A new book chronicles the policies and persistent underfunding that have shaped the trajectory of the nation’s historically Black colleges and universities—and calls on the government to step up support.
New research from the Georgetown University Center on Education and the Workforce explores common arguments made by critics of affirmative action.
A growing number of colleges are embracing competitive, organized video gaming, but a new survey suggests that women are underrepresented on those esports teams and among esports scholarship recipients.
Conversations about college students with disabilities often focus on individual academic accommodations or biomedical conditions—and miss opportunities to celebrate and support their contributions to campus diversity.
An executive order aimed at curtailing training on racial and gender bias has caused confusion at colleges and universities, prompting several to pause programming, and sparking an outcry from higher education associations.
The Common Application is removing a question about applicants’ high school disciplinary history, saying it is “inconsistent and inequitable and disproportionately impacting low-income and students of color.”
While researching for his new book, Who Gets In and Why: A Year Inside College Admissions, journalist Jeffrey Selingo found that applicants from known “feeder” high schools tend to have a leg up—and could have an even bigger advantage this year as the pandemic upends typical admissions criteria.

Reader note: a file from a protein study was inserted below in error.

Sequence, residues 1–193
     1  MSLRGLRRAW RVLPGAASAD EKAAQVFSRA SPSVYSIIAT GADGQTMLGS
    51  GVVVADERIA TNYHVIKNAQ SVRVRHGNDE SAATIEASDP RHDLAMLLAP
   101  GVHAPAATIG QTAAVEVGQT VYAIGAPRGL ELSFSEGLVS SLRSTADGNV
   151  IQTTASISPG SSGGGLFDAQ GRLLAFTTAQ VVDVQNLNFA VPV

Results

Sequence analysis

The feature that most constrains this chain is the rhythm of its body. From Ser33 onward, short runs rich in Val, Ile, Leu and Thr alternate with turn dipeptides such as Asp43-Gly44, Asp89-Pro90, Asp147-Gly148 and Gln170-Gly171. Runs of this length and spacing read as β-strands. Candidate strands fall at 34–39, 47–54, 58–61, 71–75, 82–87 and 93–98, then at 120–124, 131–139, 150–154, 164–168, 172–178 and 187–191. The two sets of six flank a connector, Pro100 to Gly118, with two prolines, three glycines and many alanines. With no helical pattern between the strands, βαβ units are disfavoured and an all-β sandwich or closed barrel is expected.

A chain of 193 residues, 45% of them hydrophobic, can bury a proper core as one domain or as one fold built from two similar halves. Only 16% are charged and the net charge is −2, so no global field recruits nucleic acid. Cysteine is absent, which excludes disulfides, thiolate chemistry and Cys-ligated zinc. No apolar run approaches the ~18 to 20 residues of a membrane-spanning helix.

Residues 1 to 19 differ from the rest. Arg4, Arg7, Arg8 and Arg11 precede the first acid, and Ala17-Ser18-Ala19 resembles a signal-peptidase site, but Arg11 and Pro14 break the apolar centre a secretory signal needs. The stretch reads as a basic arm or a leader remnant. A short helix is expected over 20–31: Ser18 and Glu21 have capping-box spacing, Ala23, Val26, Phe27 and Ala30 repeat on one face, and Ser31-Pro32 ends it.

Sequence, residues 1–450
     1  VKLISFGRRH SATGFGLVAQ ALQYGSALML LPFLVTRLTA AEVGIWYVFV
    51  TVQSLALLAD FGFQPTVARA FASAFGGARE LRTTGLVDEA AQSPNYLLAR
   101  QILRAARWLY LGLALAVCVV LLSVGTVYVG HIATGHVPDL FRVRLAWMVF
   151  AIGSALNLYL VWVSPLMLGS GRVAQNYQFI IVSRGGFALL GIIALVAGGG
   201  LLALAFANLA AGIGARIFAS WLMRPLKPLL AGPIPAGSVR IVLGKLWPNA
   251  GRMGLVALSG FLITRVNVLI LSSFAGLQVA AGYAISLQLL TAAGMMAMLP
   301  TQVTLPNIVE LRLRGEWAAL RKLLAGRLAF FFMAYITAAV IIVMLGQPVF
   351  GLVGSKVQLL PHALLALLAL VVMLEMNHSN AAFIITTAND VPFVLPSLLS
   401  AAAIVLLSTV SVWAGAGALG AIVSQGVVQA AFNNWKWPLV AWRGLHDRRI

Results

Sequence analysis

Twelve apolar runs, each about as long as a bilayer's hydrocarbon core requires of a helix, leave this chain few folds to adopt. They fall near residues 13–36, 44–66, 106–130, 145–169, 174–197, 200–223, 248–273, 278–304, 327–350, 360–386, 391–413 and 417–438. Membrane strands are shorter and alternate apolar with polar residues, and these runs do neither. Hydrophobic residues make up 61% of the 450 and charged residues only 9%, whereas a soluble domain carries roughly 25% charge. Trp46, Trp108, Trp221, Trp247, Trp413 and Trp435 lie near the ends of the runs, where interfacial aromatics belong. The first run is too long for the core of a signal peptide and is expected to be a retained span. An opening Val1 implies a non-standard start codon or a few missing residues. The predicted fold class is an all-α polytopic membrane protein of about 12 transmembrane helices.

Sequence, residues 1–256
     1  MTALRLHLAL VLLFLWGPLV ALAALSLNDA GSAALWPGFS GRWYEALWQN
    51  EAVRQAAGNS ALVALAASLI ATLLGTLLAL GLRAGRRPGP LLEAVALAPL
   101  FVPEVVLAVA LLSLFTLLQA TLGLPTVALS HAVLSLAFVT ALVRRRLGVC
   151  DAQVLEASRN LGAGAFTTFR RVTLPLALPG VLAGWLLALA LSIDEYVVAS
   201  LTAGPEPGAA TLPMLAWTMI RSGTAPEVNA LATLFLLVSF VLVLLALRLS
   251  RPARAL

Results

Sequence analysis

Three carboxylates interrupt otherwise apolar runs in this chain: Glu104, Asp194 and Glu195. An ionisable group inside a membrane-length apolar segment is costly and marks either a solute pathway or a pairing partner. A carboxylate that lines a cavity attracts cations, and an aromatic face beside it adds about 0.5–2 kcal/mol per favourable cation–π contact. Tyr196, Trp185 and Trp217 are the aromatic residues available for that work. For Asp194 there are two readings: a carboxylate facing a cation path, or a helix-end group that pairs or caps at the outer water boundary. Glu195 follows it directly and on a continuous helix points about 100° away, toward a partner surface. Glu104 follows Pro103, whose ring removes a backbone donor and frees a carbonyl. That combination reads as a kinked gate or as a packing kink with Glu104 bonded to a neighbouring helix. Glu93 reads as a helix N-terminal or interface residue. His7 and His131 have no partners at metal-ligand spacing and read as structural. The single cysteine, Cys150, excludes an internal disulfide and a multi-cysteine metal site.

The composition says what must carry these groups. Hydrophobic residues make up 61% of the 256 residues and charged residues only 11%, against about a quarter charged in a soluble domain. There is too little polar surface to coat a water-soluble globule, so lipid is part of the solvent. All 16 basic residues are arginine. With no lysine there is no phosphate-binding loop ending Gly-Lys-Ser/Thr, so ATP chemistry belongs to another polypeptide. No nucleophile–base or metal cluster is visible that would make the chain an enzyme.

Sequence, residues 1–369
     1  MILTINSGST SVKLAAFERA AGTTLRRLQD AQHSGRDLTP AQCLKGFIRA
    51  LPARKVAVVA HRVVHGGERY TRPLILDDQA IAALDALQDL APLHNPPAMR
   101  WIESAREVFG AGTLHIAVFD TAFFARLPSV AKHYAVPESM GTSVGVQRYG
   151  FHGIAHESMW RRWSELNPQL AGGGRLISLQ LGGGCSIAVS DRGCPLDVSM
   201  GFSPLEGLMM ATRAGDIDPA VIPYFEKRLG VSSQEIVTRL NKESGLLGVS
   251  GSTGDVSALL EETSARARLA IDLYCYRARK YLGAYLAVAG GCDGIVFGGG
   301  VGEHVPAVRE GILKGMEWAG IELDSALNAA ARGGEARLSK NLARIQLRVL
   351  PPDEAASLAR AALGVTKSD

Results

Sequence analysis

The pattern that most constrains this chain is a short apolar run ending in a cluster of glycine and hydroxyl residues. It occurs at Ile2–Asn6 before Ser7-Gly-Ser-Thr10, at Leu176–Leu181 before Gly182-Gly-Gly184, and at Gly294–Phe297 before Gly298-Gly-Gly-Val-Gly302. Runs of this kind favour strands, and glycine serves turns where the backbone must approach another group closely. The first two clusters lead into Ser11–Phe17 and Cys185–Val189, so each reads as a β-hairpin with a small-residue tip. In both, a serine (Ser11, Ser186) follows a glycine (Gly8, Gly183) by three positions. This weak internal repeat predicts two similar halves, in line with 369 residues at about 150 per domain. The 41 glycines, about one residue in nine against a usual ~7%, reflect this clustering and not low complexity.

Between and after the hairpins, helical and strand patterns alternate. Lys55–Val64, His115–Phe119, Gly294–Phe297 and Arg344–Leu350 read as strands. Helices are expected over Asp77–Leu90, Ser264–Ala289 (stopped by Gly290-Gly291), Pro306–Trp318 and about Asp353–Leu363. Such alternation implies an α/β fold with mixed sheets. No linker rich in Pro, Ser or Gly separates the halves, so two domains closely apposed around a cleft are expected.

Women in academia were contending with gender and racial inequities well before the COVID-19 pandemic, but the research disruptions, child care demands, and overall strain of recent months have taken an especially large toll.
Hundreds of students across the country have cut ties with their fraternities and sororities in the wake of the killings of George Floyd, Ahmaud Arbery, and Breonna Taylor.
As the nation grieves the killing of George Floyd, Breonna Taylor, Ahmaud Arbery, and countless other Black Americans, leaders across higher education, including Georgetown University President John J. DeGioia, are reflecting on their institutions’ role in addressing racism and injustice.
More than 1,400 colleges and universities are using predictive analytics systems to identify, support, and sometimes redirect students at risk of failing in their intended major, but critics caution that the technology could have unintended consequences.
Six Democratic senators have written a letter asking the college ranker to revamp its approach to more directly indicate how well schools enroll and educate underrepresented students.